Copolymers of polyolefins may also be used such as copolymers of ethylene and alpha olefins like propylene and 4-methylpentene-1. Copolymers of ethylene and C3–C10 monoolefins and non-conjugated dienes, herein referred to as EPDM copolymers, are also suitable. Examples of suitable C3–C10 monoolefins for EPDM copolymers include propylene, 1-butene, 2-butene, 1-pentene, 2-pentene, 1-hexene, 2-hexene and 3-hexene. Suitable dienes include 1,4 hexadiene and monocylic and polycyclic dienes. Mole ratios of ethylene to other C3–C10 monoolefin monomers can range from 95:5 to 5:95 with diene units being present in the amount of from 0.1 to 10 mol %. EPDM copolymers can be functionalized with an acyl group or electrophilic group for grafting onto the poly(arylene ether) as disclosed in U.S. Pat. No. 5,258,455.

Polyolefins are typically present in an amount from about 0.1% to about 10% by weight based on the total weight of the composition. Where the polyolefin is an EPDM, the amount is generally from 0.25% by weight to about 3% by weight of the composition.

Suitable materials for impact modification include conjugated diene homopolymers and random copolymers. Examples include polybutadiene, butadiene-styrene copolymers, butadiene-acrylate copolymers, isoprene-isobutene copolymers, chlorobutadiene polymers, butadiene acrylonitrile polymers and polyisoprene. These impact modifiers may comprise from about 1 to 30 weight percent of the total composition.

A particularly useful class of impact modifiers with conjugated dienes comprises the AB (di-block), (AB)m—R (di-block) and ABA′ (tri-block) block copolymers. Blocks A and A′ are typically alkenyl aromatic units and Block B is typically conjugated diene units. For block copolymers of the formula (AB)m—R, integer m is at least 2 and R is a multifunctional coupling agent for the blocks of the structure AB.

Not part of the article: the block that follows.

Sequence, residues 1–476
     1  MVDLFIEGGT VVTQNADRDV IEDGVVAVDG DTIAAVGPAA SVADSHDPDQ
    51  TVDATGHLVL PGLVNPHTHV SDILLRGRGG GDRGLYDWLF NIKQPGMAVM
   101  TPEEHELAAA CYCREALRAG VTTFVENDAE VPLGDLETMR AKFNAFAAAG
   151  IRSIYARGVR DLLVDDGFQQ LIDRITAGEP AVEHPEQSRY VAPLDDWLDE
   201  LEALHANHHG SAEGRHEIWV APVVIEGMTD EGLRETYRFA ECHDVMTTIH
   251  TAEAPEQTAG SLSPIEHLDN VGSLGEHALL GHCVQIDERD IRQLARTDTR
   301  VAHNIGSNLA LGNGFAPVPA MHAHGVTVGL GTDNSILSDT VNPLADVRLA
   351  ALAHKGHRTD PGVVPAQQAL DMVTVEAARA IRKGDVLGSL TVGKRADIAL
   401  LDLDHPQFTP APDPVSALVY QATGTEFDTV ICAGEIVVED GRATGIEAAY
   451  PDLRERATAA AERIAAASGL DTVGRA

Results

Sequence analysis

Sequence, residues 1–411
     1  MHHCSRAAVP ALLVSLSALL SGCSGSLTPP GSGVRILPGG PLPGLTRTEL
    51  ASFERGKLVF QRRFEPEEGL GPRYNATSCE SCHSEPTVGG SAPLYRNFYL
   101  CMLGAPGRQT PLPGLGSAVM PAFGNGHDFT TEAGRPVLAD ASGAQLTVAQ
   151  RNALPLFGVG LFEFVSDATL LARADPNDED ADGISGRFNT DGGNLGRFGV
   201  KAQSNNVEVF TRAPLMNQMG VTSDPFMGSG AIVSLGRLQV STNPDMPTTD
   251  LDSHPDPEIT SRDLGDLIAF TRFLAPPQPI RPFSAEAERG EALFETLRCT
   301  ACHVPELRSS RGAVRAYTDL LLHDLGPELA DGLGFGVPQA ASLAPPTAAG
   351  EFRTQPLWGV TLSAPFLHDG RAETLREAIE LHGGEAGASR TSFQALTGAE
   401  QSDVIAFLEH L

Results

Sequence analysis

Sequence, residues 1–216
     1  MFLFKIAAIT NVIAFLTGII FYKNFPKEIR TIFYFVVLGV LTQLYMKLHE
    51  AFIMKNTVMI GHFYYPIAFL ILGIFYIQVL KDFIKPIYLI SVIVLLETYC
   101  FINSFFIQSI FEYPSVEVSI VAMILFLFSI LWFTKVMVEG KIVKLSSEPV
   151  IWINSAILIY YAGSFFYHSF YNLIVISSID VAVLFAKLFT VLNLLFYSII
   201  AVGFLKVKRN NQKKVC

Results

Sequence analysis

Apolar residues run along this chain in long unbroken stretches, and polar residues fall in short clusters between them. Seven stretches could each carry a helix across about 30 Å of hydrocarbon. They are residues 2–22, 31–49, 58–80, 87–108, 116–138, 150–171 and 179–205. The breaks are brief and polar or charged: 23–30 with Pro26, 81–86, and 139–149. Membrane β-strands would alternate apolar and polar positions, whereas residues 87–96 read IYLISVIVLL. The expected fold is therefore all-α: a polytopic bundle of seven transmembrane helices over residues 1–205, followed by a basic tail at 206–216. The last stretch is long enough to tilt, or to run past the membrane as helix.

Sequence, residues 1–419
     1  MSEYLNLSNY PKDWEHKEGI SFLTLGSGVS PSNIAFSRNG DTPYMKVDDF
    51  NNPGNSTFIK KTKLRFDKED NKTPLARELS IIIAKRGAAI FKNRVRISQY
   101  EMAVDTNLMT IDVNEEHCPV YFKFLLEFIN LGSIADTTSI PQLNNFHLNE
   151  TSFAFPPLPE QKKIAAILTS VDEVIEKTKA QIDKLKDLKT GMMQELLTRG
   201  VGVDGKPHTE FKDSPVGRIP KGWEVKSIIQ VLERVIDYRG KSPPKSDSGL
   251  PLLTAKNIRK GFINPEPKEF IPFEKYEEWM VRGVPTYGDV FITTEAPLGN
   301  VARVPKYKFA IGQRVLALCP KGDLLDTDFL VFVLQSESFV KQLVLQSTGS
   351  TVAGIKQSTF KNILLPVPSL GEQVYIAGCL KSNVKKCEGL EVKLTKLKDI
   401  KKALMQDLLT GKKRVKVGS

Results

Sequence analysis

Also useful are core shell graft copolymers of alkenylaromatic and conjugated diene compounds. Especially suitable are those comprising styrene blocks and butadiene, isoprene or ethylene-butylene blocks. Suitable conjugated diene blocks include the homopolymers and copolymers described above which may be partially or entirely hydrogenated by known methods, whereupon they may be represented as ethylene-propylene blocks or the like and have properties similar to those of olefin block copolymers. The suitable alkenyl aromatics include styrene, alpha-methyl styrene, para-methyl styrene, vinyl toluene, vinyl xylene and vinyl naphthalene. The block copolymer preferably contains from about 15 to 50% alkenyl aromatic units. Examples of triblock copolymers of this type are polystyrene-polybutadiene-polystyrene (SBS), hydrogenated polystyrene-polybutadiene-polystyrene (SEBS), polystyrene-polyisoprene-polystyrene (SIS) and poly(alpha-methylstyrene)-polyisoprene-poly(alpha-methylstyrene). Examples of commercially available triblock copolymers are the CARIFLEX®, KRATON® D and KRATON® G series from Shell Chemical Company.

Also included are impact modifiers comprising a radial block copolymer of a vinyl aromatic monomer and a conjugated diene monomer. Copolymers of this type generally comprise about 60 to 95 wt % polymerized vinyl aromatic monomer and about 40 to 5 wt % polymerized conjugated diene monomer. The copolymer has at least three polymer chains which form a radial configuration. Each chain terminates in a substantially non-elastic segment, to which the elastic polymer segment is joined. These block copolymers are sometimes referred to as “branched” polymers as described in U.S. Pat. No. 4,097,550 and are used in amounts analogous to other conjugated diene based impact modifiers.

Materials useful in improving the impact strength of the composition are typically employed in amounts of about 2 to about 10 weight percent, based on the total weight of the composition.